Robert C. Priddy

Writings on diverse themes from philosophy, psychology to literature and criticism

  • Robert Priddy

    In this blog I post information and critical views concerning ideologies, belief systems and related scientific materials etc. I am a retired philosophy lecturer and researcher, born 1936.

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Archive for February, 2010

Religion and conspiracy theory

Posted by robertpriddy on February 26, 2010

The greatest and most accepted conspiracy theories are not just at the fringe of mainstream discussion. They are found in the religions of the world. That an invisible, insubstantial, incorporeal, unknowable, omnipotent, totally unaccountable person, with a vast hierarchy of disembodied helpers, is behind almost everything  otherwise unexplained that happens on earth, should surely qualify as the prototype of all conspiracy theory.

It is prototypical because of its very ancient roots in early prehistory. The idea of a monotheistic God – I submit – eventually developed from a host of attempts to explain the apparent contingency of events on earth… the weather, illnesses, accidents, illnesses, death, birth, the impenetrable sky and volcanic fires and so on ad. inf.
Dreams gave rise to the idea of spirit beings, from which arose worship of ancestors, animals, images, objects as idols… As these ideas clashed and were inadequate to explain or bring about desired results in the dawning light of wider understanding, they were superceded by more general deities – and out of the long historical clashes of warring sects then national beliefs, pantheistic and/or monotheistic Gods arose and the mainstream religions took them in hand, so to speak, and theologised them further… always more and more abstracted until nothing corporeal could be involved.

In essence, the idea that a clandestine intelligent power is conspiring to control us cannot be taken further to excess than is done by the mainstream religions – with the exception of some forms of Buddhism and other lesser known teaching.  While some conspiracy theories  have actually be proved to be substantially true, what we can tag as ‘the Divinity Conspiracy’ can – by its very nature – never be proved to be true. Nor can it be definitively proven to be untrue, though the likelihood of it being true can be shown to be minimal. This likelihood increases all the time as science advances, providing genuine and testable explanations for more and more of the phenomena originally considered to be mysterious, miraculous, impenetrable, and so wondrous as to be forever beyond human comprehension.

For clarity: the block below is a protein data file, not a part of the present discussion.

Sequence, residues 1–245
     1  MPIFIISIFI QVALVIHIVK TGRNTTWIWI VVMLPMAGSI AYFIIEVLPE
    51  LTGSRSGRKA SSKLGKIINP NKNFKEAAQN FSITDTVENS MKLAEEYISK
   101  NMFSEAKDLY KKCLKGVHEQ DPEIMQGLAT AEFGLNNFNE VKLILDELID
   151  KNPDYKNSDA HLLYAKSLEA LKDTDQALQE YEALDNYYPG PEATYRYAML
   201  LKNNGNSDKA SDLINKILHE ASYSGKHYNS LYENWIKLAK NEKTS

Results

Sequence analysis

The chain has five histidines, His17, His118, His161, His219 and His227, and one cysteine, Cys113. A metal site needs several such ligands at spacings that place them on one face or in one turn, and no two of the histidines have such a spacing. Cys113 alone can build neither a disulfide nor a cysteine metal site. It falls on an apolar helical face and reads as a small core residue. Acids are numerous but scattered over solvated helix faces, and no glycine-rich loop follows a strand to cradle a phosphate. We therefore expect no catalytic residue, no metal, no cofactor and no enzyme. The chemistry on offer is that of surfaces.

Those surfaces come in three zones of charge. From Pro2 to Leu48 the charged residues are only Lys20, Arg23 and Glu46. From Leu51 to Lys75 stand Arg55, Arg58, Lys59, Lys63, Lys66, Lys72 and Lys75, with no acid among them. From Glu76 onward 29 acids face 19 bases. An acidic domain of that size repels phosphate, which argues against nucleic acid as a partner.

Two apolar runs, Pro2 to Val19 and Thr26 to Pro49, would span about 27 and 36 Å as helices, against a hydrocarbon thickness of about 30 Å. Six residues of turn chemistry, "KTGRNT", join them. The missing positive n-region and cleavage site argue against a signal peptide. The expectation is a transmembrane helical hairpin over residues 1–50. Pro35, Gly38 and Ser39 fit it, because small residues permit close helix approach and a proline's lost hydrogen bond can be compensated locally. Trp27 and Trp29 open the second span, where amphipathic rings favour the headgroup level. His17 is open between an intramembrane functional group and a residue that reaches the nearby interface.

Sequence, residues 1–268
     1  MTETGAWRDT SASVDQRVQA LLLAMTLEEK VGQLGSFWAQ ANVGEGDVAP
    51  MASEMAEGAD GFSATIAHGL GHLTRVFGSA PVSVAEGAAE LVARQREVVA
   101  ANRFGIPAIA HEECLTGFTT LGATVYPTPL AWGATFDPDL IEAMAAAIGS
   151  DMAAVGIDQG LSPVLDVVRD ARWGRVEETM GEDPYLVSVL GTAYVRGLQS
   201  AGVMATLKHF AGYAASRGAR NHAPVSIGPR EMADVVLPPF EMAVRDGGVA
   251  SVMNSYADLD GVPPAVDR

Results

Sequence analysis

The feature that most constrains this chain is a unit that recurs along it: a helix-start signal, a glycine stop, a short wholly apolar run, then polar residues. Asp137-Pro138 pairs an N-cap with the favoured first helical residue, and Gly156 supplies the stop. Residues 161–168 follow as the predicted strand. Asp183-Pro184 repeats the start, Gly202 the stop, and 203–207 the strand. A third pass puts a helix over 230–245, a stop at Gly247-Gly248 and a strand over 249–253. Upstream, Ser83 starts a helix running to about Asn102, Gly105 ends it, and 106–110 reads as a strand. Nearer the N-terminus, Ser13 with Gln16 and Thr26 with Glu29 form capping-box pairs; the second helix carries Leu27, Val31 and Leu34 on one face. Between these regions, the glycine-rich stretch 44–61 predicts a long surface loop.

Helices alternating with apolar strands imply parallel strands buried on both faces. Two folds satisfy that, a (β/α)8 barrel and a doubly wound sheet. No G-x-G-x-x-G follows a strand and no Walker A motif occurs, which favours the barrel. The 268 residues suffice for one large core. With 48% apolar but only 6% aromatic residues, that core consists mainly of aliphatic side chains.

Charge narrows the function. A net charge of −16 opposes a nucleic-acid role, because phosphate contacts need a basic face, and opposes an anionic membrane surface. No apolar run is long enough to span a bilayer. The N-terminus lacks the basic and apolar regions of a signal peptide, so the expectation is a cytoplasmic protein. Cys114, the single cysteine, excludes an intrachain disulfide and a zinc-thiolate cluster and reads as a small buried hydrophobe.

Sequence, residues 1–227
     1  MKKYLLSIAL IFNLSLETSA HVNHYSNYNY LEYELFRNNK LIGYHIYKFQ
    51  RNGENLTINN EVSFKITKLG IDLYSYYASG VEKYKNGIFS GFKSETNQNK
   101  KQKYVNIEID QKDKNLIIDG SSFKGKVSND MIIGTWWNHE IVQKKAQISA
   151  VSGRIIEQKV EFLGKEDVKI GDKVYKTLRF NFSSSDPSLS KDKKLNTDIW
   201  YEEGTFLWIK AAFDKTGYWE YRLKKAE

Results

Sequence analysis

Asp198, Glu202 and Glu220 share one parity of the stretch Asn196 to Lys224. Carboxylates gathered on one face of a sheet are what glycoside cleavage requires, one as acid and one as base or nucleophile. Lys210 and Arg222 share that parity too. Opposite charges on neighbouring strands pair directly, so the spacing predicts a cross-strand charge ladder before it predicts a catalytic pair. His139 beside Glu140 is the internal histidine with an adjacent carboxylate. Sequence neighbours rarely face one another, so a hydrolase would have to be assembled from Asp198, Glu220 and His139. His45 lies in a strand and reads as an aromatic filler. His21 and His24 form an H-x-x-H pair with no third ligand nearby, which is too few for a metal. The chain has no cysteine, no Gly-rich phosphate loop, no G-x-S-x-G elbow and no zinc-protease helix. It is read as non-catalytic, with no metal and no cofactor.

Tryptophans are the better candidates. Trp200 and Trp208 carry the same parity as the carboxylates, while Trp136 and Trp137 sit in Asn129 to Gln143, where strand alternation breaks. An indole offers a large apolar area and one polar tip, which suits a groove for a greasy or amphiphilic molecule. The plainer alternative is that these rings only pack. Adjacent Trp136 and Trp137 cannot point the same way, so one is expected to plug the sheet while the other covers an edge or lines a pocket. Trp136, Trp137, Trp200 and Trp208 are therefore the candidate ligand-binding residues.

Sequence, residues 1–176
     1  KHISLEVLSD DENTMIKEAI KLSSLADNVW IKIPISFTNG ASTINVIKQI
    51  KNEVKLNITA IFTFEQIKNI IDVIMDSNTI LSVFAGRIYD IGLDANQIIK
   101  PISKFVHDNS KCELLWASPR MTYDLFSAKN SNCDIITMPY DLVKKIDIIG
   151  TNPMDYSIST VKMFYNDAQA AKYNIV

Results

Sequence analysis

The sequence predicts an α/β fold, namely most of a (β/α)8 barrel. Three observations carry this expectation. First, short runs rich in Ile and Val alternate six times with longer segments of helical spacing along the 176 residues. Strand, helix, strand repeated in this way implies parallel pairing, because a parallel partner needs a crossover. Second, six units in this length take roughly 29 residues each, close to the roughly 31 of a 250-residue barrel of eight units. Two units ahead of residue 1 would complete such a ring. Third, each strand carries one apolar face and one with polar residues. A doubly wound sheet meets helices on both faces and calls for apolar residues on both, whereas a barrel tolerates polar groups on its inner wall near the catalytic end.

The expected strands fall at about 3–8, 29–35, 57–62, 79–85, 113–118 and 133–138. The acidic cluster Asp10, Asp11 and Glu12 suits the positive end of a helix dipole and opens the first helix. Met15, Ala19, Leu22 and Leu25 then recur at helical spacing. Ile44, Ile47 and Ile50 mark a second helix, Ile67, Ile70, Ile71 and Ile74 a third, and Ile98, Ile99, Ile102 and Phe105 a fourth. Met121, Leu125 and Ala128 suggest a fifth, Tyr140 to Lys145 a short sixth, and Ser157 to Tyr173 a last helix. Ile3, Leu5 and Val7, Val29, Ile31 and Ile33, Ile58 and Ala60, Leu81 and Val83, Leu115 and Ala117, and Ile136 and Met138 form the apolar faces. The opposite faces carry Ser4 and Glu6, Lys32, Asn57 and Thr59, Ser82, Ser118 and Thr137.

The theory of evolution, having expanded its database vastly in a matter of a mere 200 years, which is developing at an ever-increasing pace, gives answer to enigmas that were previously unsolvable throughout human history. Religions, appealing to ancient scriptures, (and largely distorted and often censored) have been bolstered up by flawed speculation of a theological and mystical kind  appealing to awe for the supposed ‘creation’ by an uncreated Creator – all at the expense of serious investigation.

The understanding of genetics which hardly got anywhere before the 1950s with Crick and Watson, is also racing ahead exponentially, confirming and deepening the understanding of the evolution of life. Neurological research is answering more and more of the enigmas about the human brain/mind and the subjective phenomena it can produce.  The religious belief in mystical revelation or ‘cosmic consciousness’ is itself increasingly being shown to consist in phenomena due to functions or dysfunctions of the brain alone.

See also: Some key distinctions for the science-religion debates: agnosticism vs. atheism and secularism

Posted in Atheism, Belief, Creationism, Disinformation, Environment, Evolution, Ideology, Religion, religious faith, Spiritual propaganda, Theology, Understanding | Tagged: , , , , | Leave a Comment »

Nirad C. Chaudhuri – India watcher

Posted by robertpriddy on February 26, 2010

Nirad C. Chaudhuri was one of the most prolific Indian writers, especially in English. He was from Bengal and became famous with the first Indian autobiography ‘Autobiography of an Unknown Indian’. After his immigration to U.K. late in life, he received a CBE from the Queen (Commander of the British Empire).  He was a polymath and master of many languages, including Latin and Classical Greek, Sanskrit, French, German, not least of course English and Bengali. He was awarded an honorary doctorate by Oxford University. The unconventional writer maintained in his writings in the late 20th century that “the world’s knowledge about India today is obtained overwhelmingly at one remove from people belonging to the urban upper middle-class, who have become the heirs to British rule.” As a class, their views and attitudes are predominantly those of the rulers and exploiters of the remaining nine-tenths.”

However, the rulers are now more strongly Hindu-dominated and is clearly not the case to the same extent today. Moreover, there is the rise of some “lower” caste politicians into political power positions and slowly increasing social mobility in India, despite the persistence of many very rigid and discriminative caste rules. Still, though, the vast rural population of India is most definitely not adequately represented in news and opinion available about India in the 21st century so far. We have to look no further than the existence – under dire threat from the Hindu-dominated government – of the Dongria Kondh of Orissa (see Arundathi Roy’s warning about the destruction of indigenous inhabitants)